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Author Archives: Natalie Bennett

Natalie blogs at Philobiblon, on books, history and all things feminist. In her public life she's the leader of the Green Party of England and Wales.

Agnes’s problem

It was 1658. Agnes Bowker, 27, a spinster and domestic servant found herself with a difficult, but hardly unusual problem ... Read More »

Bullying (and bullied) girls

Two books about the horrible things done to girls, most often by other girls. One is the application of the label “school slut”. Now I think about it, every school, college and similar collection of adolescents or young adults with which I have been involved had a school slut, or, to be more precise, had a girl or woman identified ... Read More »

Roman sex

A lot of what I read is about gender issues, sexuality and similar, and an email exchange off-blog recently made me think about why these are valuable beyond simply the information they contain. Studying these areas provides a continual reminder that other cultures, other times, other people don’t see the world in the same way you do and make you ... Read More »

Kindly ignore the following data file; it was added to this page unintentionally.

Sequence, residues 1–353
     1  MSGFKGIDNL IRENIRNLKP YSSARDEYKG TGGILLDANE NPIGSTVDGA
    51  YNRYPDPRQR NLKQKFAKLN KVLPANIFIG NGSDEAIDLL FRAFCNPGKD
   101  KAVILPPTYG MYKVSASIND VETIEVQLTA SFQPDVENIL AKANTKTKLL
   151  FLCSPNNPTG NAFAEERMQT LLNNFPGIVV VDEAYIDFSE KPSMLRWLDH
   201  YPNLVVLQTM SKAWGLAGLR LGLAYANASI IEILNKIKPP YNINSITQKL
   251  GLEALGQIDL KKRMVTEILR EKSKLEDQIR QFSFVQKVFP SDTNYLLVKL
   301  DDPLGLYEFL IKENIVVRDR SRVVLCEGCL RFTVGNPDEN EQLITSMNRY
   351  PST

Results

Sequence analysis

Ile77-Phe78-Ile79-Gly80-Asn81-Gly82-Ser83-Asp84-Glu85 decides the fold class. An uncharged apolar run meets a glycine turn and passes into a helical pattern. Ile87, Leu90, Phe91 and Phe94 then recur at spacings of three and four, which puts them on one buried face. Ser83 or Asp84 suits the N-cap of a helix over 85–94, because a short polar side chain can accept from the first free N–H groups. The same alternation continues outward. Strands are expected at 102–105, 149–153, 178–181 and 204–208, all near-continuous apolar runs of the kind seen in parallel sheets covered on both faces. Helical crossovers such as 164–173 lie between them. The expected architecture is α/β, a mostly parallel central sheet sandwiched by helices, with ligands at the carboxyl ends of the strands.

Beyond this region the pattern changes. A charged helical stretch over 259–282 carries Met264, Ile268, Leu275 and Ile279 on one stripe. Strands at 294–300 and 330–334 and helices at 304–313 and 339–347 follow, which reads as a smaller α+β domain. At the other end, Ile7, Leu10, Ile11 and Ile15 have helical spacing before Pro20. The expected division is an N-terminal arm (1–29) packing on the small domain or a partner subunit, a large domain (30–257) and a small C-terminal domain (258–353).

Those ancients weren’t dumb

One of my most surprising, “whow” books of 2004, was The Fossil Hunters, by Adrienne Mayor. Posted on my blog is a reconstruction of the skeleton of a Protoceratops, a dinosaur that lived in what is now the Gobi desert. Below is a Scythian “griffin”, placed into the same stance. This very clear example is used to introduce the idea ... Read More »

The Turks, the start

They’ve arrived. No, I don’t mean the Turks, but the hordes of visitors at Turks: A Journey of a Thousand Years: 600—1600 AD. It was like a rugby game in there today, albeit a very polite one. But the exhibits, if not perhaps the exhibition, deserve the attention. I only had an hour to spare, and so concentrated on two ... Read More »

Piranesi, a man of many parts

I’ve always thought of Piranesi as a sculptor; when I look several times a week at the giant, spectacular, if rather ugly “Piranesi vase”, which towers above your head in a riot of decorated marble in the Enlightenment gallery in the British Museum, that’s perhaps not surprising, but I’m learning from Marguerite Yourcenar that he was primarily, and probably most ... Read More »

Females everywhere, but no women

From a young age I noticed how certified heroes were mostly male. I failed to notice, before Monuments and Maidens Read More »

The King’s Midwife: great book, great woman

I’ve already found one of my books of 2005, The King’s Midwife: A History and Mystery of Madame du Coudray, by Nina Rattner Gelbart. On my site is the map assembled by the author (from ten years of research, primarily in French provincial archives) of the travels of Mme Coudray (1715-1794), who after more than a decade as a leading ... Read More »